For you youngsters, Beverly Hills 90210 was an incredibly popular nighttime soap in the early-mid 1990s. Again, hats off to the Jazz Messengers site for the reference tips, and you may want to check out its theory of Jet x Faye.

About ghostlightning

I entered the anime blogging sphere as a lurker around Spring 2008. We Remember Love is my first anime blog. Click here if this is your first time to visit WRL.
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27 Responses to Cowboy Bebop 18 “Speak Like a Child” & Treasure Hunt Into Nothingness

  1. Shinmarizu says:

    This episode was gold. The juxtaposition between the optimism of the past, and the misery of the present. Also, the fruitlessness of their efforts to find a VHS player of all things.

    As best as I can interpret based on what has happened up until now, they see someone, who could have had an entirely different life, fall even harder into despair (too strong a word?) or listlessness. Is it that Spike and Jet are forced to care after they witness the optimistic chibi-Faye on the screen and the broken and shattered Adult-moé-Faye in front of them, or do they actually feel sympathetic towards their enigmatic shipmate? The experience feels quite authentic.

    On a side note, “My ship works better when I kick it” had me chuckling. Also, if chibi-Faye had the foresight to send her future self a Betamax tape and a Betamax player, shouldn’t she have sent some additional financial security as well?

    • I do think that Faye’s desperate. I just don’t think she acts on this desperation on a highly conscious level.

      Later on, given her attempt to infiltrate a self-help cult/scam… she’s not wholly unaware and useless. Her despair shows up after her moments of weakness — that is after she’s lost money gambling.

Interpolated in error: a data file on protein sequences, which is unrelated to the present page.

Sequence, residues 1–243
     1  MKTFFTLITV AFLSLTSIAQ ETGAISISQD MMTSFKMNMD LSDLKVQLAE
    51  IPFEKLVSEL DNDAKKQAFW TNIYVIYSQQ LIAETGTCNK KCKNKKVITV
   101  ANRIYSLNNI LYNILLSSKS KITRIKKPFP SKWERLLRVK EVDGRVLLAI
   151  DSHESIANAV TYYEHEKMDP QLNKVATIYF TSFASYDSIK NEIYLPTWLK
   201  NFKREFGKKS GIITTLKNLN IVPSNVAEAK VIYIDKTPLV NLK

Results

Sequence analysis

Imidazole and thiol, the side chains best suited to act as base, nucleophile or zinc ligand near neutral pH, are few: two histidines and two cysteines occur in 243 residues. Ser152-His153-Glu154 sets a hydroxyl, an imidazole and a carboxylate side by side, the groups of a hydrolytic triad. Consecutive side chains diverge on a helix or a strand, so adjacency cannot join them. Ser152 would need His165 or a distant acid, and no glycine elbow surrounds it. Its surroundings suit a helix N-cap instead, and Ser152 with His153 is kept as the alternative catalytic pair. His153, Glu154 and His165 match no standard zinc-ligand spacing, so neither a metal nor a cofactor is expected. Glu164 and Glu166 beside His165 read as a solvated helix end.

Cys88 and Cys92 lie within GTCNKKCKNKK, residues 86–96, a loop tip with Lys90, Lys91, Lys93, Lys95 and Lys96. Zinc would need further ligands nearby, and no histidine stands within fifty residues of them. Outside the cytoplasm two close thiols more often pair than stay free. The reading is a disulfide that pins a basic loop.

Teenage Faye probably wouldn’t have had sophisticated enough financial planning skills, even if she’s Singaporean LOL.

  2. MarigoldRan says:

    Well, the video was made before the earth got owned by meteor showers from an experiment that blew up the moon. Rather depressing episode there, but Faye’s still young, attractive, capable, and smart. Develop a sense of responsibility and with her looks and her fighting and piloting skills, there’s a lot of outfits in the solar system that would hire her.

    • True.

      She wouldn’t let herself be hired though, not until she’s paid off her debt. She wants to re-enter legitimate society after clearing her debt via gambling, of all things. She’s pretty much useless before that happens. But it’ll never happen.

  3. megaroad1 says:

    Such an amazing contrast isn’t it. The comedic nature of the early parts of the episode with the otaku guy and all the confusion resulting with the Betamax/VHS mixup; and then the faces of Spike/Jet when they see the video. It just hits you in the gut. The youthful energy and innocence of Faye standing in stark contrast to the cynical apathetic creature she has become. So subtle and yet so powerful. I love this episode.

    For one I have to say that I agree with Jazzmessengers theory on Jet and Faye to a degree, but I’ll leave that discussion to when you finish blogging CB.

    A small bit of trivia from this episode is that Shoji Kawamori co-wrote the screenplay. I’ve always found that a bit funny, considering that whenever he collaborates on projects by other creative teams, its mostly as a mechanical designer/technology guru. I wonder what he brought into the story?

    Technology sure advances fast when it comes to consumer electronics. Discs are already becoming obsolete and will probably be just as quaint and rare as Betamax tapes.

  4. kadian1364 says:

    Old man, you’ve never heard of a time capsule? My grade school had our class make one in 3rd grade, and they would keep it somewhere safe (traditionally buried next to a tree but kept in a safe is OK too). Then when we finally graduated from high school, we got the thing full of the letters, toys, and other sentimental trinkets we valued when we were kids ($5 certainly seemed like financial security to a 3rd grader!). This is Faye’s time capsule. After 50 years of cryogenic sleep, billions of kilometers of inter-planetary travel, innumerable changes of hands, and all the uncountable opportunities to be destroyed and lost, it still found it’s final destination.

    This episode reinforces one of the strongest themes of Cowboy Bebop: you are indelibly tied to your past. Sometimes it’s forceful and violent, other times it’s romantic and bittersweet like the Betamax’s serendipitous journey through the solar system, but it’s most often surprising how your past and your memories will always find you.

    • I know about time capsules, but only through Western media.